BoE Not So Fast On Rate Hikes, As Broadbent Keeps Powder Dry

BoE Not So Fast On Rate Hikes, As Broadbent Keeps Powder Dry  | Jul 11, 2017 15:06

The bond market seems fairly confident that the Bank of England is going to follow the Fed and raise interest rates, this explains why the 2-year bond yield is trading 25% higher than it was at the end of 2016. 2-year yields are now at 1.38%, significantly higher than the 0.25% BoE base rate. However, could the bond market be getting ahead of itself and is a reassessment of price action on the cards?

BoE may press pause on the hawkish rhetoric

We argue that the UK bond bears need to watch out. Firstly, although three members voted to hike rates in June, there is no guarantee that the number will rise further. Kristen Forbes, one of the dissenters, has now left the MPC and we don’t know if her replacement will vote the same way that she did. Also, although Andy Haldane, the BOE chief economist, and the Governor Mark Carney, have both sounded hawkish of late and raised the prospect of higher rates, neither have voted for a rate hike so far in their entire terms of office. Thus, we can assume that these two members will weigh up the economic risks before switching their vote to a rate hike, and with the economy starting to lose momentum they may choose to maintain the status quo for now.

Broadbent highlights BoE Brexit fears

Earlier on Tuesday we heard from deputy governor Ben Broadbent an influential member of the rate-setting committee. The market was eagerly awaiting his speech as it was the first opportunity to assess whether he would join the hawks and also vote for a rate hike next month. His speech in Aberdeen, the seat of the UK oil industry, gave no direct reference to his views on the outlook for UK monetary policy, however, he was very concerned about the UK’s trade prospects after Brexit, something that is most likely shared by the export-orientated audience in Aberdeen. It doesn’t seem like a stretch to assume that if Broadbent is concerned about Brexit’s impact on trade then he is unlikely to make things harder for exporters by voting to raise interest rates any time soon. Thus, the hawks on the committee, now just McClafferty and Saunders, could remain in the minority for some time.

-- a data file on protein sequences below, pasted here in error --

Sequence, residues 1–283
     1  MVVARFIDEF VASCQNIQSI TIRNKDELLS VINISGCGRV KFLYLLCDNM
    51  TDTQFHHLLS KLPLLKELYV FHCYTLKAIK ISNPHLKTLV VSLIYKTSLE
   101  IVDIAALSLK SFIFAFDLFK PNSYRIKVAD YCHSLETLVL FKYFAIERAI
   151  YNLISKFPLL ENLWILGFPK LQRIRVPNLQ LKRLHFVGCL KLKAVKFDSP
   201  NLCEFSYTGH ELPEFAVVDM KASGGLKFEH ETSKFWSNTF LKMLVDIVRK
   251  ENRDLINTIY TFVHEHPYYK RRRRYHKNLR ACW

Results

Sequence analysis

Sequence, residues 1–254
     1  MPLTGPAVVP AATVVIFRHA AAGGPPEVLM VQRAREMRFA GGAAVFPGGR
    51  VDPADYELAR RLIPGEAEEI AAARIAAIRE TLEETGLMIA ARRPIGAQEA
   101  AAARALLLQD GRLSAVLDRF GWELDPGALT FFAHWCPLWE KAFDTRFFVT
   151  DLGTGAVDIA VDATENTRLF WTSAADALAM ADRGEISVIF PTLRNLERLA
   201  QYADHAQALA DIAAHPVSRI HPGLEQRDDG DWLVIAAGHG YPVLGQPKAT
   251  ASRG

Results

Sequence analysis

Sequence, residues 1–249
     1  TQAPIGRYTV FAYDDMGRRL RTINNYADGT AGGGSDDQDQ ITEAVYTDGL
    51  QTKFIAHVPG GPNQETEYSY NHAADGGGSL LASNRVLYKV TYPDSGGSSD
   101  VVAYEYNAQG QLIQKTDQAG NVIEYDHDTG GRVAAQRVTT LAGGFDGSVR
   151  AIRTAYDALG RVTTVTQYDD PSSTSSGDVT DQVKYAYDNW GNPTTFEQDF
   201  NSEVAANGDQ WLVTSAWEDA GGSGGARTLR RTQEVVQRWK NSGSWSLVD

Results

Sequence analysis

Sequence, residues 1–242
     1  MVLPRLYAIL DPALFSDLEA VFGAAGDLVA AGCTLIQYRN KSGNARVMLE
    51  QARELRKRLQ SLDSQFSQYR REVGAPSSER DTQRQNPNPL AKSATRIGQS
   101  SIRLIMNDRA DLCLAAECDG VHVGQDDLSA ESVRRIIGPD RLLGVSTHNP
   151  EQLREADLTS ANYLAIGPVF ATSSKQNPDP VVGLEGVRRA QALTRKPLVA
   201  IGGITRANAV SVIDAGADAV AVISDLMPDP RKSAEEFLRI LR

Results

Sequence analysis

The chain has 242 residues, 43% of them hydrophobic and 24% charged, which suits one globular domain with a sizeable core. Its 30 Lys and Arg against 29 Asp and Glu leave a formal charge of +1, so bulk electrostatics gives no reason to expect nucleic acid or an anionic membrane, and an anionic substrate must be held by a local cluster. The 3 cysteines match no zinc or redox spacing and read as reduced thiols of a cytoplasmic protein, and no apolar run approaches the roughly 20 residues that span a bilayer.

Key test for GBP/USD

The next key test for the pound will be Wednesday’s UK labour market data. The market expects a decent rate of job creation for the three months’ to May of 120k, and the unemployment rate is expected to remain at 4.6%. It will be the wage data that everyone will be watching closely. With inflation up and wages down, the consumer squeeze is a key theme for UK asset prices. Wages for May are expected to fall to 1.8%, however excluding bonuses they are expected to rise to 1.9% from 1.7% in April. However, even if ex-bonus wages do rise to 1.9%, this would still be a weak level and well below the UK inflation rate. Thus, we don’t believe wage data is likely to be strong enough to justify a rate hike from the BoE next month, which could trigger a further unwinding of pound longs.

The next BoE rate-setting meeting is 3rd August, which is also an Inflation Report month. This is a crucial meeting; if the hawks can’t recruit more members to vote with them then a rate hike from the UK could be consigned to history. This is significant for the pound. When Haldane and Carney started to ramp up their hawkish rhetoric last month GBP/USD rallied from 1.25 towards 1.30. As the economy hasn’t kept pace with the rhetoric, cable hasn’t been able to hold onto gains above 1.30, and it has fallen back through a key 38.2% retracement level of support at 1.2863, this is the Fib retracement from the June 21st low at 1.26 to the June 30th high at 1.3030. Below here is a bearish development that opens the way back to 1.2811 – the 50% retracement level – and then 1.2769 – the key 61.8% retracement level, which is a key level of support for GBP/USD in the short term.

Disclaimer: The information and opinions in this report are for general information use only and are not intended as an offer or solicitation with respect to the purchase or sale of any currency or CFD contract. All opinions and information contained in this report are subject to change without notice. This report has been prepared without regard to the specific investment objectives, financial situation and needs of any particular recipient. Any references to historical price movements or levels is informational based on our analysis and we do not represent or warrant that any such movements or levels are likely to reoccur in the future. While the information contained herein was obtained from sources believed to be reliable, the author does not guarantee its accuracy or completeness, nor does the author assume any liability for any direct, indirect or consequential loss that may result from the reliance by any person upon any such information or opinions.

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